Some people believe that it is impossible to be a practicing christian and be pro choice on the issue of abortion. But while it is true that a lot of Christians are pro-life, we all are not. Many of Ireland’s most militant pro-lifers are of course Roman Catholics, but other Christian denominations often get associated with them.

It is worth noting that in 1982 the Irish Council of Churches- the representative body for Protestant churches in Ireland- voiced concerns over the 8th Amendment. While all of them did oppose ‘abortion on demand‘, they foresaw reasons why an abortion should be an option.

This was repeated at the recent hearings in front of the Oireachtas Health Committee.

So how can you be a Christian and Pro-Choice?

Earlier this year I found this quote from Victor Griffin, the Dean of St Patrick’s Cathedral, in 1982:

Abortion is morally wrong. However, at some time there may be rare unfortunate cases in which it is resorted to as the lesser of two evils. It is wrong to enshrine the Catholic view of this in the constitution

While for some abortion will always be morally wrong, who are we say to say it is morally right for a child to be born no matter what?

Morals to me are a personal thing. While there are very big moral positions that we all share (we should not steal, we should not kill etc), when abortion comes into the question everything goes a little grey. There is no hard and fast rule that we can apply as many on the Pro-Life side believe. We cannot impose our morals on others as we are not in their shoes. We are not in their position. If we were would we not like a choice? I know I would. Wouldn’t you?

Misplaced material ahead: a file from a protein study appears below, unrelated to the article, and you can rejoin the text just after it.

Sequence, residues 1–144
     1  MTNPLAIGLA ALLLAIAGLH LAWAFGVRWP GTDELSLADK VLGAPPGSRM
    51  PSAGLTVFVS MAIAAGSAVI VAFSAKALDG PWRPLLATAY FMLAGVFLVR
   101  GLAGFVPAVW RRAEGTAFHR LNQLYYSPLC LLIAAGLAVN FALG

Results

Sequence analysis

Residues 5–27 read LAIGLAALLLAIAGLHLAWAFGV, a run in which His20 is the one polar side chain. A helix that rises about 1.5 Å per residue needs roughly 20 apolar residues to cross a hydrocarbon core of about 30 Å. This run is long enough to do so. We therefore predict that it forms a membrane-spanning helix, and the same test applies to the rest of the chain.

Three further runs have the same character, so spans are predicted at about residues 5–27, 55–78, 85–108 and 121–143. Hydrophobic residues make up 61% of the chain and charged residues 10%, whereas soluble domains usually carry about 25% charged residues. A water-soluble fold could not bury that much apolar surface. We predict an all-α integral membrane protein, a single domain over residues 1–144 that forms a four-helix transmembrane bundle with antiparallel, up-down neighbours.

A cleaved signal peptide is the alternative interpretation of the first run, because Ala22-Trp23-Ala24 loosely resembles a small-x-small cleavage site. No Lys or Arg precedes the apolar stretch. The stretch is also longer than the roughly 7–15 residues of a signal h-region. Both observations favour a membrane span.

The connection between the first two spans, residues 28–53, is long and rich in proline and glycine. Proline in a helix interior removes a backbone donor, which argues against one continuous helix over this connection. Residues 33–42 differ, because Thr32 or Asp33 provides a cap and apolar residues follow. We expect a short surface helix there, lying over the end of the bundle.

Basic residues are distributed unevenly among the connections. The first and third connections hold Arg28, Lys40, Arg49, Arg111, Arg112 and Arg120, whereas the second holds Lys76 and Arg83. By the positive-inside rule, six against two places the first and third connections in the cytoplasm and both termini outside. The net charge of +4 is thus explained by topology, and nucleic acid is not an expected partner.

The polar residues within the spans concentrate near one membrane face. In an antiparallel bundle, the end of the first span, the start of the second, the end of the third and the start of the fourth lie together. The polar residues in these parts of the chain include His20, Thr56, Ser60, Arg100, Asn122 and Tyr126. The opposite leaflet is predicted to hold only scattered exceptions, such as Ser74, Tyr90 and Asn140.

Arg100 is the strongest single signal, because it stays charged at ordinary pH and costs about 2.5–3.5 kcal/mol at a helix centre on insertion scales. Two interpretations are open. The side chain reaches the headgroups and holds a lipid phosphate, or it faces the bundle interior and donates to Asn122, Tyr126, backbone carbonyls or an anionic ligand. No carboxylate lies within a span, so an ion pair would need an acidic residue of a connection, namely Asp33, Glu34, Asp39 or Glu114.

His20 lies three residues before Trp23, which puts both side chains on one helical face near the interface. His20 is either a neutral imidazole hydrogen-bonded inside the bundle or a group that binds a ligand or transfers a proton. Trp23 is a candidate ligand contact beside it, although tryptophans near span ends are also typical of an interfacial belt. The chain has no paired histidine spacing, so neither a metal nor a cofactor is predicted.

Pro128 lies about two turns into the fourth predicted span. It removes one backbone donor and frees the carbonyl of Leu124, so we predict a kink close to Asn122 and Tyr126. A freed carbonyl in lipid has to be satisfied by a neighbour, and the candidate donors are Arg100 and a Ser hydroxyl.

Have we the right?

I recently came across an article on the website for the Association of Catholic Priests. The title caught my eye- “have we the right to insist no woman can ever have an abortion in Ireland?” That is the crux of the argument for me.

Why should anyone decide that a medical treatment cannot be given to you because of their religious beliefs? At the end of the day, that is why abortion is illegal in this country. It is because we decided way back in 1983 to enshrine that “Catholic view” of conception into our constitution. How is that right for those who are not Catholic? Or those who do not subscribe to all of the Church’s teachings? There’s plenty of those Catholics around!

Does it mean that if we had a Jehovah Witness majority in this country that we would have voted to ban blood transfusions? Its crazy. I have the greatest respect for Jehovah Witness’, Jews and Muslims who do not try and make those around them obey the same religious laws as them. It is time the Roman Catholic Church (and other Christian Churches) did the same.

We as Christians should be looking inwards and ensuring we live our lives right, as that is what we are asked to do during Lent. We should not be stopping women from choosing what they do with their bodies when it will have no effect on us. It is ridiculous that Churches in this country want to prevent women of other faiths and none from having an abortion.

While I envisage there will be some discussion at the Church of Ireland Synod later this year on this issue, I am not sure what way it will go going by the discussion last year on Human Sexuality, but it will be divisive. But it will most likely set the tone for the conversation in the wider society on this issue.

I look forward to the Government finally bringing in legislation on this issue, and it finally being allowed.